“What matters most in a travel card is flexibility,” Schulz says. “Unless you’re loyal to a certain airline or hotel chain, you want a card that gives you the most options for redeeming your points or rewards.” Chase Sapphire Preferred (annual fee: $95, waived the first year), like some other cards, lets you transfer points directly to certain airlines or hotels, but Chase will also raise your points’ value if you book travel through its Chase Ultimate Rewards site. The no-fee Bank of America Travel Rewards credit card awards bonus points if you’re also a banking customer, with the quantity based on the size of your accounts with Bank of America or Merrill Lynch.
Traveling overseas? Get a card that, like these, doesn’t charge foreign transaction fees, which can be up to 3 percent of every purchase. “People are often surprised when they come home and open their statements,” Palmer says.

Caveat: The value of reward points isn’t fixed, says Jeff Blyskal, senior editor of Consumer Reports, so it’s hard to know the real cash value of the points you accumulate. Sites such as ThePointsGuy and NerdWallet provide point-value estimates, but if the math makes your eyes glaze over, get a cash-back card instead and bank that money for your next trip.

The Recovering Borrower

Your credit score has taken a hit.

Consider: A secured card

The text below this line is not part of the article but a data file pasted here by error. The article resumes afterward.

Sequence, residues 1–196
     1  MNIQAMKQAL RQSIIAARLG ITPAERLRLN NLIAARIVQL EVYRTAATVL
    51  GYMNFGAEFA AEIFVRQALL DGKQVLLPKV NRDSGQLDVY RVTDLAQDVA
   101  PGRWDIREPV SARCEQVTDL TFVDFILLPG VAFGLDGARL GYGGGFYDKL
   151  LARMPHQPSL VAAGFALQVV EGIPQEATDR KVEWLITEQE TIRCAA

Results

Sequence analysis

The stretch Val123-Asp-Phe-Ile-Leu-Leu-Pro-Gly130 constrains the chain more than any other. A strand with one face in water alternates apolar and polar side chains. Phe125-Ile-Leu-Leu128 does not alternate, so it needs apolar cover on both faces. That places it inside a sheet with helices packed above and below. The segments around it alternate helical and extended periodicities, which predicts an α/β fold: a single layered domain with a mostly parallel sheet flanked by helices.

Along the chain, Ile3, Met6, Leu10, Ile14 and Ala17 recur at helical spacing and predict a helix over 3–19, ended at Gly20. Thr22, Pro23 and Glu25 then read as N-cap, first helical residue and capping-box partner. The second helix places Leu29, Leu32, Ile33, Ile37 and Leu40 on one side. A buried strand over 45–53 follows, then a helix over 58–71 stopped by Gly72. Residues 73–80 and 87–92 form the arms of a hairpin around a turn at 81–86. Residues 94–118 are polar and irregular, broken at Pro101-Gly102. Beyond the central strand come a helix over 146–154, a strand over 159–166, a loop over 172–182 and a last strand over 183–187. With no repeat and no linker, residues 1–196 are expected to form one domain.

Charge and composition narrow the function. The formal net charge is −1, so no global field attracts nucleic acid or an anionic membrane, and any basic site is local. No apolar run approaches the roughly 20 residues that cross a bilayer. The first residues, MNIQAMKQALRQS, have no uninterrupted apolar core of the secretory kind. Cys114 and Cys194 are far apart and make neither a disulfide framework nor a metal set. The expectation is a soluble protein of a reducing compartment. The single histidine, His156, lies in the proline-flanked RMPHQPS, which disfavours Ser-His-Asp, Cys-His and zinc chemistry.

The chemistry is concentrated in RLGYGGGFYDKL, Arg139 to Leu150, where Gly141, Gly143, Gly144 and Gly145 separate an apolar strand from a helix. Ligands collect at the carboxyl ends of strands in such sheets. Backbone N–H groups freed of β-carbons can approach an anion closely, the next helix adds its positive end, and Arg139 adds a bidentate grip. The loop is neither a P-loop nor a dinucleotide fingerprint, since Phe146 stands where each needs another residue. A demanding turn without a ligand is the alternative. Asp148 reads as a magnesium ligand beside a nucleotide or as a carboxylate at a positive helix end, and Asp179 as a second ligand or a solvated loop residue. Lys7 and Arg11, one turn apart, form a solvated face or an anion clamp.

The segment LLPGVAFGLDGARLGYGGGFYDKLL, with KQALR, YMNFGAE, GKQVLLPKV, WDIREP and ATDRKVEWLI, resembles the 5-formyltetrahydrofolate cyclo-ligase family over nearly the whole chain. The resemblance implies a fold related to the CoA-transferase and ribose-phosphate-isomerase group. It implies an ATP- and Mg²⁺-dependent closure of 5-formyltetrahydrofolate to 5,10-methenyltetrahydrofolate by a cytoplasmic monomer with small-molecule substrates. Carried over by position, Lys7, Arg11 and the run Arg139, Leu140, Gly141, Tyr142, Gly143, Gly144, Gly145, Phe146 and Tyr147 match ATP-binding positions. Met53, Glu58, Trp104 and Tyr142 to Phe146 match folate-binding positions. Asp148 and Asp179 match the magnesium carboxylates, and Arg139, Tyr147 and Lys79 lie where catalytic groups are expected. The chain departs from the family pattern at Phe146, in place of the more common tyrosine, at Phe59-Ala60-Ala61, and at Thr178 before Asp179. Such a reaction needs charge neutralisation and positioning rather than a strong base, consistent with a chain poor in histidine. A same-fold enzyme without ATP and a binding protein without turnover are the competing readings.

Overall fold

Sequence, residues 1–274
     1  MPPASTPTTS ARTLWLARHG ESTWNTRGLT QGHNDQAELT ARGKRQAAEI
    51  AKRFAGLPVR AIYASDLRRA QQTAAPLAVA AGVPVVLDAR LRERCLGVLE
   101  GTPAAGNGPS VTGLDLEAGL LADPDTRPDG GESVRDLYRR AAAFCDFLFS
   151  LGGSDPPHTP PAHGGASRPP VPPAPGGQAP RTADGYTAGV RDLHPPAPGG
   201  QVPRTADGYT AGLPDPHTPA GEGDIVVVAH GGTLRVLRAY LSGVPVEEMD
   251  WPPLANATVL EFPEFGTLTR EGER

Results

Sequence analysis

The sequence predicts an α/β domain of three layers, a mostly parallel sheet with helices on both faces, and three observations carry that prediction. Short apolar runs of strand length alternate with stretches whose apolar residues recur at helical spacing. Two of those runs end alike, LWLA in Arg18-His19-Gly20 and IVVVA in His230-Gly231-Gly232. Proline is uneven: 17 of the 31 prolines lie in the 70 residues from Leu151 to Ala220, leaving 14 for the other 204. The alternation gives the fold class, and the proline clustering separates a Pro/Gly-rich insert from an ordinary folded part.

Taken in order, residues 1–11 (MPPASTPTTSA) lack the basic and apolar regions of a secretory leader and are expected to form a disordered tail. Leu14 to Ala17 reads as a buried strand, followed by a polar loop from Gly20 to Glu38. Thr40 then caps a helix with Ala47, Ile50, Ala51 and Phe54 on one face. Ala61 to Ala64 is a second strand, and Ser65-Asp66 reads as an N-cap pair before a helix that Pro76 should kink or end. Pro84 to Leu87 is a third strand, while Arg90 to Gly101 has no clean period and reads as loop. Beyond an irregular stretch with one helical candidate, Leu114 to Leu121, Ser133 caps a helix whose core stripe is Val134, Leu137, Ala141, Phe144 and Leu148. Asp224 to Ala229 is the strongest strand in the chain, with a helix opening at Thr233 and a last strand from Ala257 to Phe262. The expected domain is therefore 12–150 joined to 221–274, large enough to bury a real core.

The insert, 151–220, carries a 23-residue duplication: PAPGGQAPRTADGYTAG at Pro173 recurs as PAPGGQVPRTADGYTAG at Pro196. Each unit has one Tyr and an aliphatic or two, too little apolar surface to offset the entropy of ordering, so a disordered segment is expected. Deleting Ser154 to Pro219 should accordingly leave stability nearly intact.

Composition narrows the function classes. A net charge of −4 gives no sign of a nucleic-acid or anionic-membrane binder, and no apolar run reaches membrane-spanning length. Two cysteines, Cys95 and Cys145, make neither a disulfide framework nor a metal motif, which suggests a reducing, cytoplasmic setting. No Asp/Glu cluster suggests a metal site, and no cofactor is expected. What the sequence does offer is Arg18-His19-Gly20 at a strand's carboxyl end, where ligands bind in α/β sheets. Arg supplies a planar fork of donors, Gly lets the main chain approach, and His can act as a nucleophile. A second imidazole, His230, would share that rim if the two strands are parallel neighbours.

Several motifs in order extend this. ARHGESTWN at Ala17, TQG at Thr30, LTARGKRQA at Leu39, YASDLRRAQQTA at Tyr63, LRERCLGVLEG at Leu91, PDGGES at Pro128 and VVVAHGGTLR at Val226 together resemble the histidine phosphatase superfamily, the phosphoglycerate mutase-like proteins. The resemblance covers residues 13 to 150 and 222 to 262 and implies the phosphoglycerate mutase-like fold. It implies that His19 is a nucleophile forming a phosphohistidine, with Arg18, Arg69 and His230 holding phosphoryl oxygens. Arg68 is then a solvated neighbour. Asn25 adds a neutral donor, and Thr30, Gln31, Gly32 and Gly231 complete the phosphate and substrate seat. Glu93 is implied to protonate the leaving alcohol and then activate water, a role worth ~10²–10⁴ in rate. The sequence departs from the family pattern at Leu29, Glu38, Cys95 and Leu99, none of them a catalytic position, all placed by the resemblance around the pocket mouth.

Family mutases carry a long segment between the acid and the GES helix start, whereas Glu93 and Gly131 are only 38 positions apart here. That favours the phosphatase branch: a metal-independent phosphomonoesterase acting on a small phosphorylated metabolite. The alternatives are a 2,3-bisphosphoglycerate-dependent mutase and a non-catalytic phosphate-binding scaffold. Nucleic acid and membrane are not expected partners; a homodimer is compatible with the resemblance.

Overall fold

The right card, used wisely, can help pave the way to a higher credit score—which in turn can lead to lower rates on other borrowing.
To rebuild your credit, try a secured card, Blyskal says. You open the account with a cash deposit—say, $300—that usually defines your credit limit. Options include OpenSky Secured Visa, which doesn’t require a credit check; the no-fee Capital One Secured Mastercard; and the no-fee Discover it Secured Card, which offers some cash-back rewards. All three cards will report your payment history to credit bureaus, helping you create a record that could boost your score.

Caveat: Don’t confuse this with a debit card. You have to pay off your purchases every month or pay a high interest rate. Secured cards often have an annual percentage rate (APR) in the 25 percent range, compared with 16 percent for the average credit card.

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The Holdout

You want a card only for emergencies.

Consider: A cash-back card with no annual fee

Since you’re hoping not to even use your card, don’t get one with a yearly charge, Schulz says. And while you might not want to deal with points or rewards, “a simple cash-back card could be worthwhile,” he says. If you do have to spend a chunk of money suddenly, you might as well get some money back. Do you worry you’ll have to care for a relative in a distant city? Consider a card that gives you cash back on gas or travel reward points.

Caveat: Check the interest rate you’ll be charged for carrying a balance, advises Schulz: “Some emergencies might take more than a month to pay off.” That’s generally when interest charges start accumulating.

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The Newbie

Your teen or college-bound student needs a starter card.

Consider: A secured card for students